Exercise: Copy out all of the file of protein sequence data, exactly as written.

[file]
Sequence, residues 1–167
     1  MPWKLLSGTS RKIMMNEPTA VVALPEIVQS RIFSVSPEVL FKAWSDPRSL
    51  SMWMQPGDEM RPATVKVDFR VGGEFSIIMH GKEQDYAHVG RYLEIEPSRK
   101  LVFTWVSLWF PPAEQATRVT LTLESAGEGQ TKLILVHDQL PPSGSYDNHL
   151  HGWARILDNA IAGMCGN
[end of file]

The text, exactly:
Sequence, residues 1–167
     1  MPWKLLSGTS RKIMMNEPTA VVALPEIVQS RIFSVSPEVL FKAWSDPRSL
    51  SMWMQPGDEM RPATVKVDFR VGGEFSIIMH GKEQDYAHVG RYLEIEPSRK
   101  LVFTWVSLWF PPAEQATRVT LTLESAGEGQ TKLILVHDQL PPSGSYDNHL
   151  HGWARILDNA IAGMCGN